More training on the way for APD officers

ALBUQUERQUE (KRQE) – Albuquerque Police are about to take a big step toward addressing concerns raised in the damning report from the Department of Justice on APD’s use of force.

Increased training to deal with the mentally ill is about to begin. It’s known as Crisis Intervention Training and the first round begins Monday. Eventually, all APD officers out in the field will receive it.

“I have to ensure that every officer on this department is accountable,” said Deputy Chief Bob Huntsman.

It’s a big task for Huntsman, the former APD commander brought back to the force to help oversee changes in light of the recent Department of Justice report that slammed the department.

“We have all got to work together to come up with solutions that will help us make the reforms and change,” Huntsman said.

One of those changes – give all APD officers who interact with the public increased Crisis Intervention Training.

“There are a couple major challenges for law enforcement officers,” Dr. Troy Rodgers said.

Dr. Rodgers, a police psychologist, will oversee that training.

“Police officers are one of the few folks who deal with folks in crisis or people that are mentally ill who don’t have to have a specialized license or degree,” Dr. Rodgers said.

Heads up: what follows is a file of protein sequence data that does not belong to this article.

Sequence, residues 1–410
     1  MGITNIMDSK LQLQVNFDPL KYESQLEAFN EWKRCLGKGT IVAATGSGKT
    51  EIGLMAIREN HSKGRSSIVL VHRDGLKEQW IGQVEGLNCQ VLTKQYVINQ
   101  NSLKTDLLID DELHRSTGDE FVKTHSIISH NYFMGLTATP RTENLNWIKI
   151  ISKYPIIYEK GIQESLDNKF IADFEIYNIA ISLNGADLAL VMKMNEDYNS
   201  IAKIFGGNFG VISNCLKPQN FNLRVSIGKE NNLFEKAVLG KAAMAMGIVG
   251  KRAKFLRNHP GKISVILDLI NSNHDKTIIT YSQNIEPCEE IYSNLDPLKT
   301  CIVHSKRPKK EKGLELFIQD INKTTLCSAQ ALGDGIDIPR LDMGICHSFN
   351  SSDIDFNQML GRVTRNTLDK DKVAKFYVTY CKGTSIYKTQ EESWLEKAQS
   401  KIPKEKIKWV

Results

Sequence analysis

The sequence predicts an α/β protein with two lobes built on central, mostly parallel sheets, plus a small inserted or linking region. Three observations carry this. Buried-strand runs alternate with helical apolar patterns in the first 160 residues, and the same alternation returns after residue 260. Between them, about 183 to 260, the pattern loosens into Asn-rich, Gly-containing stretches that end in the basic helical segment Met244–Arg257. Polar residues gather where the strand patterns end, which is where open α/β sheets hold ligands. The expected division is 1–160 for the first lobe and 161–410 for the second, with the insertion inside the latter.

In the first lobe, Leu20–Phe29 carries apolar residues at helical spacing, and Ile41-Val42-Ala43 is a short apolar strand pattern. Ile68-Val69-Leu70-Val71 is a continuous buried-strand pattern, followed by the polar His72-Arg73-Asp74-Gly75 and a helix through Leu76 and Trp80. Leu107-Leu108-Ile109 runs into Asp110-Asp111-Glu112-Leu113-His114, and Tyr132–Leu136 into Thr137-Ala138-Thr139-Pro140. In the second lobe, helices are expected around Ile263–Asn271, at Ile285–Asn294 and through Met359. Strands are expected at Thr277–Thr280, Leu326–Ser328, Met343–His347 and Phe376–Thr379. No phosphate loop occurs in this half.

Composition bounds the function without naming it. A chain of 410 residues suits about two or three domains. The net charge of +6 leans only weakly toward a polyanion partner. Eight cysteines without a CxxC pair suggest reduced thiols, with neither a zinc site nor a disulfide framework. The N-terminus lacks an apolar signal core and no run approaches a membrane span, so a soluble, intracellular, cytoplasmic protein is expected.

In their time at the police academy, cadets get 55 hours of basic Crisis Intervention Training. Now, they’ll get an additional 40 hours, including training in de-escalation techniques.

Currently, only 27 percent of officers have already received that extra certification.

“We put the class participants in the midst of the situation in a controlled environment so we can critique it,” Dr. Rodgers said. “We can practice it without the potential for negative outcome.”

Huntsman says the clock is ticking on every call.

“What we’re looking for is to get a quicker response that as soon as a call comes out that involves someone in crisis, that whichever officer shows up is trained in that.”

APD has come under scrutiny in recent years for how officers deal with the mentally ill, most recently for the shooting of James Boyd in the Albuquerque foothills last month.

Ten CIT classes are scheduled through this year and an additional eight next year. Each one costs up to $25,000 dollars.

When it comes to the DOJ report as a whole, Huntsman says his outlook is positive. He says they’re going over all of their policies and procedures to make the necessary changes.

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